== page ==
Article

Surgical management of primary hyperparathyroidism: the case for giving up quick intraoperative PTH assay in favor of routine PTH measurement the morning after.

Department of General and Endocrine Surgery, Hospital C. Huriez, rue Michel Polonovski, 59037 Lille, France.
Annals of Surgery (Impact Factor: 7.19). 01/2005; 240(6):949-53; discussion 953-4.
Source: PubMed

ABSTRACT To analyze the utility of quick intraoperative parathyroid hormone (PTH) measurement in the surgical management of primary hyperparathyroidism.
The use of intraoperative PTH monitoring is well established in the surgery of primary hyperparathyroidism. However, some false-negative predictions lead to unnecessary explorations; furthermore, surgeons are becoming increasingly dependent on hormone measurement for intraoperative decisions, which raises concerns about the cost-effectiveness of the method.
A retrospective analysis of 268 neck explorations performed for primary hyperparathyroidism using intraoperative PTH monitoring from April 2001 to February 2003 was done. We used the criterion of "biologic recovery" of hyperfunctioning tissue, defined as a more than 50% decrease in PTH level from baseline value at 5 minutes after excision to predict the outcome of successful parathyroidectomy documented by normal postoperative serum calcium level. Additionally, we also sampled PTH at 10 minutes, 30 minutes, and the morning after surgery to compare the predictive value of delayed sampling. Patients were classified according to the prediction being concordant or discordant with the outcome. The data were analyzed using a 2 x 2 table construct for each of the sampling times, therefore providing sequential sensitivity, specificity, positive and negative predictive values, and overall accuracy of the predictions.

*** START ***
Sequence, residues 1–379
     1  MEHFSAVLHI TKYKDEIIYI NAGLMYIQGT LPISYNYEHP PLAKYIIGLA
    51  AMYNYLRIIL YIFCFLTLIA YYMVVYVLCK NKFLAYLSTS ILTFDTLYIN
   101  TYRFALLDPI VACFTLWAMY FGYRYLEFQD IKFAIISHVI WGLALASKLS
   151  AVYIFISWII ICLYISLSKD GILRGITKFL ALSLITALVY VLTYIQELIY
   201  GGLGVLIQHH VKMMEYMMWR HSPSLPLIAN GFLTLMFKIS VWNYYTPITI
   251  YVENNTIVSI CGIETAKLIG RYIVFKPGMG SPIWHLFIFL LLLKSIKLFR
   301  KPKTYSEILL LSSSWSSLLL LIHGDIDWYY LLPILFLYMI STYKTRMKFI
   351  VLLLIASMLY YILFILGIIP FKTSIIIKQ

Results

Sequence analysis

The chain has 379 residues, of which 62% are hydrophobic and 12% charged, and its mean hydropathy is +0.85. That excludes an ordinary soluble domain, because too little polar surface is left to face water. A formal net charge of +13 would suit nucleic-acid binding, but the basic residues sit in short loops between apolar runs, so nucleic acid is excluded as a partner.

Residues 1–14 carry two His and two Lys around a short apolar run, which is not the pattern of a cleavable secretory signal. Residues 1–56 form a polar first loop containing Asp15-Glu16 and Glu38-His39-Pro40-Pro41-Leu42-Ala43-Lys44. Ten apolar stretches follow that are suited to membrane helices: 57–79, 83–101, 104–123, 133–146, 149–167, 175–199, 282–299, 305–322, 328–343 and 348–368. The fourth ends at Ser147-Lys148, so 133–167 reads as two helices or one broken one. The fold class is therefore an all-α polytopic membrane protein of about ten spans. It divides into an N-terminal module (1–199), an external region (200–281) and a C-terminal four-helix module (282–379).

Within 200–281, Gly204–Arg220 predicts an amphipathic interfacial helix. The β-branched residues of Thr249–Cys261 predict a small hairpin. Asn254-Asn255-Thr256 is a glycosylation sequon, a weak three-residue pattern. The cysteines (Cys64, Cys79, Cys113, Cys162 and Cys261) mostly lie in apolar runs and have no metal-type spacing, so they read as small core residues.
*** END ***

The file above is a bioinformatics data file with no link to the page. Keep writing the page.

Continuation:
Concordance or overall accuracy of prediction (true positives and negatives) was obtained in 229 cases (85.4%), and discordance or failure of prediction (false positives and negatives) was obtained in 34 cases (12.7%) at T5. On analyzing the iPTH prediction at T10, T30, and D1 among the group of 33 false negatives, we found that 28 (10.4%) patients reached the concordance at 30 minutes, while by the first day 32 patients (12.3%) had achieved concordance. Thus, there was a progressive increase in sensitivity and overall accuracy, but more importantly, in the negative predictive value reaching 88.9% on the day after surgery.
The method of sampling PTH intraoperatively at 5 minutes has a high positive predictive value (99.5%) but a low negative predictive value (19.5%), which can lead to unnecessary explorations and a delay in the operative procedure. The negative predictive value increases substantially at 30 minutes and is best on the day after surgery. We suggest giving up the intraoperative measurement of PTH to adopt the first day postoperative measurement of PTH as a predictor of successful parathyroidectomy.

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